High DPI Canvas

Paul Lewis


HiDPI screens are lovely, they make everything look smoother and cleaner. But they also present a new set of challenges to developers. In this article we are going to take a look into the unique challenges of drawing images in the canvas in the context of HiDPI screens.

The devicePixelRatio property

Let's start at the beginning. Back before we had HiDPI screens a pixel was a pixel (if we ignore zooming and scaling for a bit) and that was it, you didn't really need to change anything around. If you set something to be 100px wide that was all there was to it. Then the first few HiDPI mobile handsets started popping up with the slightly enigmatic devicePixelRatio property on the window object and available for use in media queries. What this property allowed us to do was understand the ratio of how pixel values (which we call the logical pixel value) in - say - CSS would translate to the actual number of pixels the device would use when it came to rendering. In the case of an iPhone 4S, which has a devicePixelRatio of 2, you will see that a 100px logical value equates to a 200px device value.

That's interesting, but what does that mean for us developers? Well in the early days we all started to notice that our images were being upscaled by these devices. We were creating images at the logical pixel width of our elements and, when they were drawn out, they would be upscaled by the devicePixelRatio and they'd be blurry.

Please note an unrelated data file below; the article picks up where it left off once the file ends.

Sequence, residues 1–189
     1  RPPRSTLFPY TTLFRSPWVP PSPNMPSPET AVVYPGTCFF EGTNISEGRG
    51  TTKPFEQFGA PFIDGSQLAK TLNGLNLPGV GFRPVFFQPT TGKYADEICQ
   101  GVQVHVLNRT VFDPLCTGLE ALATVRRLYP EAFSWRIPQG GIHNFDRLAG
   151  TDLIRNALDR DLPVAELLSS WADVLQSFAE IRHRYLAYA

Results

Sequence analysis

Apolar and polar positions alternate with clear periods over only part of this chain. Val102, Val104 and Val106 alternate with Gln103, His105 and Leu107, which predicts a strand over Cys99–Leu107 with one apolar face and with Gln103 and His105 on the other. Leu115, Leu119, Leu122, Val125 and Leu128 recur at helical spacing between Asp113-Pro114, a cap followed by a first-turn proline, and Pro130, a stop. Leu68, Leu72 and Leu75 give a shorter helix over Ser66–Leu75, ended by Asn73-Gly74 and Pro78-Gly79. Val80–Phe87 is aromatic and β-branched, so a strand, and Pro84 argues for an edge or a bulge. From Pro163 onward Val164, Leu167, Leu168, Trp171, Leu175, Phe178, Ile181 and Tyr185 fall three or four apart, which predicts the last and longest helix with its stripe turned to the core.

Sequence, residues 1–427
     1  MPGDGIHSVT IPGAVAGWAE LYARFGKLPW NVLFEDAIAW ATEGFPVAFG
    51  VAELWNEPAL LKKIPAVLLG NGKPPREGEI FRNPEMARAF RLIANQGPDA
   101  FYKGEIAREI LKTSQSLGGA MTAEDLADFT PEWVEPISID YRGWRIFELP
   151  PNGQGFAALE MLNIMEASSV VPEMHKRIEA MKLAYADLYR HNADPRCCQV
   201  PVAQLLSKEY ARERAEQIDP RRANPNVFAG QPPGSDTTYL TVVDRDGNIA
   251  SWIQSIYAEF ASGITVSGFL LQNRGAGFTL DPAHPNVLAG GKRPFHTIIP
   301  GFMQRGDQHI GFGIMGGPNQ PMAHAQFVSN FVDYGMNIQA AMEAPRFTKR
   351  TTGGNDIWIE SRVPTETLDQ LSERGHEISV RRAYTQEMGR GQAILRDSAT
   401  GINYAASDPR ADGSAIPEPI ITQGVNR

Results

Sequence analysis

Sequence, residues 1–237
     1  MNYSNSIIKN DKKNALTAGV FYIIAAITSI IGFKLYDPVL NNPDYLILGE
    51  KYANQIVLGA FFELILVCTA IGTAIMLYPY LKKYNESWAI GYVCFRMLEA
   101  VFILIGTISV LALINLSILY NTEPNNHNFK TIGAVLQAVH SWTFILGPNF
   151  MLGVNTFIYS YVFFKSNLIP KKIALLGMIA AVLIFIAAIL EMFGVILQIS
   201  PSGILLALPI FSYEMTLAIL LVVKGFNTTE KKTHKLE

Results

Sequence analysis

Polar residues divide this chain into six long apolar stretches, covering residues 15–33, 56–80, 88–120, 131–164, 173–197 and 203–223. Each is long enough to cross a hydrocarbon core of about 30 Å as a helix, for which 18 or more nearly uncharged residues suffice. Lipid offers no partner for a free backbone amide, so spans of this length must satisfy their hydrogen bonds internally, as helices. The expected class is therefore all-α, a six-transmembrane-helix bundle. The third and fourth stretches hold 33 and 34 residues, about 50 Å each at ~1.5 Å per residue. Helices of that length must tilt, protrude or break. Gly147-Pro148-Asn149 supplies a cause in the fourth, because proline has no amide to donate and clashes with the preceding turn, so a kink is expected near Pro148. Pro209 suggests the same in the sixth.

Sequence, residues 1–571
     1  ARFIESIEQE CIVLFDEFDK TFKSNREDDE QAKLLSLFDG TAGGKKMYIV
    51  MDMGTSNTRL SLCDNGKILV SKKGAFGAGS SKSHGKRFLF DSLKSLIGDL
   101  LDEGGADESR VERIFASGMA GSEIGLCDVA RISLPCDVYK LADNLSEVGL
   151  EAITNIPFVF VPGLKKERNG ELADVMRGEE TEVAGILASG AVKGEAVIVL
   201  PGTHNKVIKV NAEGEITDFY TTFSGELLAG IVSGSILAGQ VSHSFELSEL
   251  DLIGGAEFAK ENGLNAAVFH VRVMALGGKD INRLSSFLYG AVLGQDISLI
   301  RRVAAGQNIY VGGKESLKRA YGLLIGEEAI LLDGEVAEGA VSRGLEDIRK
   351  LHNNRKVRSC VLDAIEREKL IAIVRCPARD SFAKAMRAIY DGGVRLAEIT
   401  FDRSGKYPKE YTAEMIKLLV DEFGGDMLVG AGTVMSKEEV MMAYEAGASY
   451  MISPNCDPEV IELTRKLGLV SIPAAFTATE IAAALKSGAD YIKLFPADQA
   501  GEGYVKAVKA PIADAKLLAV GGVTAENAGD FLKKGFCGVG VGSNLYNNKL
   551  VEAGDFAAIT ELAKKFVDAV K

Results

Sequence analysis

An image being upscaled and blurred due to the devicePixelRatio
Figure 1 - An image being upscaled and blurred due to the devicePixelRatio

The de facto solution to this has been to create images scaled up by the devicePixelRatio and then use CSS to scale it down by the same amount, and the same is true for canvas!

function setupCanvas(canvas) {
  // Get the device pixel ratio, falling back to 1.
  var dpr = window.devicePixelRatio || 1;
  // Get the size of the canvas in CSS pixels.
  var rect = canvas.getBoundingClientRect();
  // Give the canvas pixel dimensions of their CSS
  // size * the device pixel ratio.
  canvas.width = rect.width * dpr;
  canvas.height = rect.height * dpr;
  var ctx = canvas.getContext('2d');
  // Scale all drawing operations by the dpr, so you
  // don't have to worry about the difference.
  ctx.scale(dpr, dpr);
  return ctx;

// Now this line will be the same size on the page
// but will look sharper on high-DPI devices!
var ctx = setupCanvas(document.querySelector('.my-canvas'));
ctx.lineWidth = 5;
ctx.moveTo(100, 100);
ctx.lineTo(200, 200);